How to start homebrewing

I brought up the idea of homebrewing to my father-in-law a couple of months ago. He’s one of those guys who says “People are already doing it, so why should we.” I’ve been fascinated with the idea of creating the beverage I love so much since I started drinking it, so I ignored him.

After a couple of random interviews with various brewers, they all asked if I brewed myself. I always told them I do a lot of reading, but I could never make the investment and figured I would be like my father-in-law and leave it to the pros.

That’s when a couple of them told me that if they thought like I did, we wouldn’t be sharing a pint right now.

I hopped on craigslist and found a guy who had just had a kid who was getting rid of all of his brewing equipment. Included in the kit:

5 gallon brew kettle
6.5 gallon plastic fermenter
5 gallon glass carboy
Bag of caps
Graduated cylinder
Hydrometer
Auto syphon
Syphon tube
Bayou Classic propane cooker
Near-full propane tank
Funnel
Strainer
Bottle Capper
Cleaning snake

All of that for $120. I kid you not.

I took that as a sign to go for it.

I went to The Brew Shop in Bend and grabbed some StarSan, a brewer starter kit, and a couple other miscellaneous things and got started.

Here are my recommendations to first-time brewers:

1) I hate how much Charlie Papazian says it, but relax. I “messed up” my first batch terribly. I threw every ingredient the shop gave me into 3 gallons of boiling water (including my milled grains and 2 oz of hops) and somehow came out with a citrusy pale ale. Make it fun. After your first batch, you learn what to do better next time and start to understand what each ingredient does.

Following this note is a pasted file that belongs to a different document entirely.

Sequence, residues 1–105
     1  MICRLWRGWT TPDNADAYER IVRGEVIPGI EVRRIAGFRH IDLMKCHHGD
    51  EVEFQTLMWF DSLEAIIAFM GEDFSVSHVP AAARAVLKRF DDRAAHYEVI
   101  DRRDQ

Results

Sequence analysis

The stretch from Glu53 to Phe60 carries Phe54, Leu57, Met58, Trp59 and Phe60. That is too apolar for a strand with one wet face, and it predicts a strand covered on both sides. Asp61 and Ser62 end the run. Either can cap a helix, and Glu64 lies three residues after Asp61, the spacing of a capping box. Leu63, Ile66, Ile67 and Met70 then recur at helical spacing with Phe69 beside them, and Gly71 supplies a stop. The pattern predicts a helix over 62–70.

2) Buy Charlie Papzian’s book “The Joy of Homebrewing.”  The book could legitimately be 200 pages shorter if he took out “Relax, have a homebrew” and all the stupid illustrations, but the guy knows his stuff and will make the process WAY easier for you. It’s all about beer education. (Also, if you’ve got an iPad/Kindle, don’t get it there. You’ll be missing out on half of the [important parts] of the book).

3) Continue your education. Brewing beer isn’t just about a cheap alternative to buying your weekly allowance of 22s (although it is cheaper…my first batch was about $1.45 a 22), but it’s about understanding and appreciating beer. You start to figure out what goes into beer and how it changes with each additional ingredient. The smells linger with you and the next time you walk into a brewery, you’ll be able to discern the hops and malt that the brewer used for your favorite IPA.

4) Just do it. Feel like a mad scientist. You’re going to tell yourself 1,000,000 reasons why you shouldn’t brew and each of them will likely be legitimate, but you need to tell yourself that they aren’t and just do it. The taste of a beer you brewed on your own will be a fantastic feeling.

So relax, have a homebrew, and get brewing already.

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